Clarification: The five-year project list refers to total expenditures through fiscal year 2016.
Paso Robles might get enough revenue through the next five years to cover a priority list of certain city services to rebuild without dipping into reserves, according to an updated financial forecast the City Council will hear tonight.
The update to a forecast presented last year will show that an estimated influx in sales tax, hotel bed tax and other revenue could now bring the city an extra $3.7 million.
Of that, $2.7 million could go to so-called recovery priorities that are now possible without dipping into the city’s savings, which currently holds about $10 million for unforeseen expenses.
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The other $1 million would bolster the general fund — which has been cut by 29 percent since 2009 — through fiscal year 2016, even after the council’s recovery priorities are completed, City Manager Jim App said.
The five-year project list, which the council can alter tonight, includes: funding more training for firefighters and paramedics for $140,000; devoting one police officer to the San Luis Obispo County Sheriff’s Narcotics and Gang Task Force for $500,000; hiring a human resources risk specialist for $280,000; hiring more part-time library staffing at $300,000; devoting more money to fix potholes for $760,000; and updating the city’s finance computer system for $750,000.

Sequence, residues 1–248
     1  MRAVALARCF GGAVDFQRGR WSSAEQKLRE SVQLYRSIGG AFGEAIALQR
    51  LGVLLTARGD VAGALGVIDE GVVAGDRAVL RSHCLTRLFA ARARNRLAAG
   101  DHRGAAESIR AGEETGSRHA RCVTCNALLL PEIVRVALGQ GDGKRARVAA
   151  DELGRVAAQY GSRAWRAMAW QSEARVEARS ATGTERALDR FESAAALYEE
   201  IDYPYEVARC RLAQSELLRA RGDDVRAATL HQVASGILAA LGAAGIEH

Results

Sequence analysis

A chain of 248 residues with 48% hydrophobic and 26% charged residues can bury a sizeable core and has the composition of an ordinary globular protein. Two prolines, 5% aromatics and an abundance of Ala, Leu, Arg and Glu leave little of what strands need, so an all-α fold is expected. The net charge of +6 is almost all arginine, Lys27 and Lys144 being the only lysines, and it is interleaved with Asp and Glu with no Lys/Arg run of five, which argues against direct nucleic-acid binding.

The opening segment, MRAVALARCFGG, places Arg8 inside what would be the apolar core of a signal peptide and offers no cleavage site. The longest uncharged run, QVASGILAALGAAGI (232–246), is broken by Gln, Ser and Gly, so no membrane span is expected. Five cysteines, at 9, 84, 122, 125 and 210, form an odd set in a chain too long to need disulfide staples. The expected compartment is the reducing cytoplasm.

In March, the council adopted the list with the understanding that about $500,000 would come from general fund reserves. The priorities were set after the council held two public workshops in February and March to see what the community wanted to put money back into. The city’s seven department executives gave overviews on their cuts and provided wish lists on how to spend the new revenue.
All of the city’s departments dwindled during the recession to stave off layoffs and keep departments running on fewer dollars. Seventy-six positions were eliminated through attrition and a hiring freeze. Most roadwork and contracted maintenance were shaved. A teen center and a city pool were closed in 2011. And some city fees were increased.
While the pool closure upset many, the community’s main concerns have largely been centered on what is considered too few police officers and shabby streets.
Tonight, the council will also consider the wording of a ballot measure proposing a half-cent sales tax increase to Paso Robles voters in November. If approved, the hike is slated to bring about $3 million in added annual revenue over 12 years.